Kentucky’s most vibrant city, Louisville has a lot going for it. On top of a great dining and drinking scene, fun arts events and picturesque neighborhoods, the city lies within easy reach of a diverse range of attractions. Snaking caverns, world-renowned thoroughbred horse farms and some of the best distilleries in America are all less than two hours’ drive from the River City.

If you've come down for the Derby and want to see more of Kentucky, the following day trips are ideal for travelers interested in exploring rural and urban landscapes. The state's sun-dappled bluegrass pastures make a fine counterpoint to historic downtowns dotted with whiskey bars and eclectic eateries. You’ll also find plenty of surprises, from a tiny city famed for modernist architecture to a Tibetan monastery on the edge of a vibrant college town.

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Wherever you head from Louisville, you’ll need a car – public transportation is unfortunately quite limited here. Once you've sorted out your wheels, aim them at these five top day trips from Louisville.

Columbus, Indiana  

Why Go: To admire an astonishing collection of 20th-century architecture

Even many Indiana locals are unaware of the great architectural treasure trove in the southern part of the state. From the middle of the 20th century, the town of Columbus, Indiana, became a veritable drawing board for some of the world’s greatest living architects. More than 60 buildings here were designed by famous names, including Eero Saarinen, Richard Meier, IM Pei, Cesar Pelli, Harry Weese and Deborah Berke among many others. 

The American Institute of Architects has ranked Columbus the sixth-best city in the nation for its outstanding array of architecture – not bad for a city with a population of just 50,000. Don’t miss the First Christian Church, designed by Finnish architect Eliel Saarinen (father of Eero Saarinen) in 1942; the brick-and-limestone structure is a Modernist masterpiece.

There’s also some impressive public art on display, with works by the likes of Henry Moore, Robert Indiana and Dale Chihuly. Download the free ''Columbus, IN Tours" app on your smartphone and you can explore the great art and architecture at your leisure. You can also arrange tours and pick up maps at the Columbus visitors center.

If you need a break, stop in at Zaharakos, a beautifully restored, 1900s-era ice cream parlor with a mahogany counter, stained glass windows and Tiffany-style lamps, as well as outstanding homemade ice cream and classic American fare.

How to get to Columbus from Louisville: If you’re driving, it’s a straight shot up I-65 from Louisville to Columbus; allow about 75 minutes for the 70-mile drive. For a dose of nature along the way, stop in at Muscatatuck National Wildlife Refuge. You can walk one of five trails while keeping an eye out for the 290 bird species that pass through each year, including greater sandhill cranes in winter.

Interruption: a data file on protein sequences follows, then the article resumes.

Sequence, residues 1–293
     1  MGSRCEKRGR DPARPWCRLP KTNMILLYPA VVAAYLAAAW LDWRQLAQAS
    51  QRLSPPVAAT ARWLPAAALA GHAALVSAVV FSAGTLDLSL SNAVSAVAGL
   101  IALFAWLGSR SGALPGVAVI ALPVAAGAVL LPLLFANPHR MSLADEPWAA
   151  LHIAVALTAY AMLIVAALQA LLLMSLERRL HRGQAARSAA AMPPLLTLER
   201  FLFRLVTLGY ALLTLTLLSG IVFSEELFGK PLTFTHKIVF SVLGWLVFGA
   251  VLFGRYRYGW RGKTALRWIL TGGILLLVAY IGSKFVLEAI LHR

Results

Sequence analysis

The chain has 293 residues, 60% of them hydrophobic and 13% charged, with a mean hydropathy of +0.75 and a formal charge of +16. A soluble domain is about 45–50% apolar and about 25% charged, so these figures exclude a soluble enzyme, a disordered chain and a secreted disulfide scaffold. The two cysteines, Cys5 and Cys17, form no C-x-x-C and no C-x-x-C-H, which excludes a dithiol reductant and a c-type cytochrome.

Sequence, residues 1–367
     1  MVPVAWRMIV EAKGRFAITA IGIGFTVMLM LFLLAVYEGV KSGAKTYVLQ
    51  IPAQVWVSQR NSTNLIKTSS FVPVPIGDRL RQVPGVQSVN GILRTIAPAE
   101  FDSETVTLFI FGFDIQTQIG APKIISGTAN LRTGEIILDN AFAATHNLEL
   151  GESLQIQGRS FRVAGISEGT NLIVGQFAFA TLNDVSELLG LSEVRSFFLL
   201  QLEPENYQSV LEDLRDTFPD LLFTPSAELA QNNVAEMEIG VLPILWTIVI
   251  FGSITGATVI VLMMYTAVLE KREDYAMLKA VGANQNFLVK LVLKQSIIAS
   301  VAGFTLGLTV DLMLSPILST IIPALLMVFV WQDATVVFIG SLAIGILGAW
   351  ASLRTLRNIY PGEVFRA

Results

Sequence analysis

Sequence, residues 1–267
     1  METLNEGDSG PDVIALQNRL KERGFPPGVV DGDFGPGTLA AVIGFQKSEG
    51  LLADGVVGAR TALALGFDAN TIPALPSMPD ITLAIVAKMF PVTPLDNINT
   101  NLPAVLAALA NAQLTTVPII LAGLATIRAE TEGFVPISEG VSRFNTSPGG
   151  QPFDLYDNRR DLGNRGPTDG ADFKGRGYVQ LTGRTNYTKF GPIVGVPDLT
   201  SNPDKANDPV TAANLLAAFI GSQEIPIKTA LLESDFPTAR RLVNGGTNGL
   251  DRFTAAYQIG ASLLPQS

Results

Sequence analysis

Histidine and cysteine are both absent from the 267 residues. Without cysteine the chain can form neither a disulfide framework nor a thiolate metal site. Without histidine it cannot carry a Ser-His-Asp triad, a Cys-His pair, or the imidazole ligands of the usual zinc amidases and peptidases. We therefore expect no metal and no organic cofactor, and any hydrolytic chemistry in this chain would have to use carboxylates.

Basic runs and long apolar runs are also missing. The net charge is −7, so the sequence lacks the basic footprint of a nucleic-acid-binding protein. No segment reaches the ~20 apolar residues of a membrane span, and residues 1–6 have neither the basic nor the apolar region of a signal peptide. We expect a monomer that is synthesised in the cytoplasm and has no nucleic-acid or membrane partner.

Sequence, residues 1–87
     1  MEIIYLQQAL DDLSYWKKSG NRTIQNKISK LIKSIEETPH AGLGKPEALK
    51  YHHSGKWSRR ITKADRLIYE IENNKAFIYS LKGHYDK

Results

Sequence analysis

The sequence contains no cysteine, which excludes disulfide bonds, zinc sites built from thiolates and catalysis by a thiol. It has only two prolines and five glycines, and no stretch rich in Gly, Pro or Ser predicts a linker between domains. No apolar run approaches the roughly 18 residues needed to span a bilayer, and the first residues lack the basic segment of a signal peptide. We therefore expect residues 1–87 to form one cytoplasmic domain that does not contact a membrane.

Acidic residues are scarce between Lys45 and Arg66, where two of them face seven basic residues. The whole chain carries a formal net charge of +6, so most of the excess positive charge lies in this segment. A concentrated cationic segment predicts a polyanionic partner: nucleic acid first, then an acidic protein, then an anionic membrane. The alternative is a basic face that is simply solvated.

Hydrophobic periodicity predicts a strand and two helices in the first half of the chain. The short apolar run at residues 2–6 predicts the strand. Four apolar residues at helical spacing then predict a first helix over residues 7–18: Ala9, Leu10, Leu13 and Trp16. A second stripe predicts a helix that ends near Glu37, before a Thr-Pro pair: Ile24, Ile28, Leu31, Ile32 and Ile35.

Horses grazing at a horse-farm near Lexington, Kentucky
It's all about the horses in Lexington, Kentucky © Lottie Davies / Lonely Planet

Lexington, Kentucky 

Why go: To visit leafy neighborhoods and thoroughbred farms in America's horse capital 

Set in the heart of Kentucky's Bluegrass country, Lexington often outscores its bigger neighbor to the north when it comes to desirability for both visitors and residents. The state’s second-largest city regularly makes the top 30 in annual round-ups of the best places to live in the USA (this is something you might want to keep to yourself when you’re back in Louisville, as the two towns are long-time rivals).

Historic homes, inviting parks and a wide assortment of family-friendly attractions make Lexington well worth your time for a day trip, or even an overnight stay. This equine-obsessed town is often called "the horse capital of the world" for the thoroughbred farms just outside of town. You can learn all about Lexington’s beloved racehorses (or even go for a ride) on a visit to the Kentucky Horse Park. Alternatively, catch turf racing at Keeneland or see harness racing at the Red Mile racetrack

Beyond horses, there’s much to do in Lexington, from visiting the grand mansion and manicured gardens at the Ashland Estate to sipping your way through the town’s notable distilleries and microbreweries. You can check out the city's liquid largesse on the whimsically named Brewgrass Trail.

How to get to Lexington from Louisville: Allow about 90 minutes for the 80-mile drive east from Louisville on I-64. Along the way, you can stop in Frankfort, the state’s charming capital on the banks of the Kentucky River. Take a bite at Frank’s White Light Diner, which serves up hearty Cajun cooking near the Singing Bridge.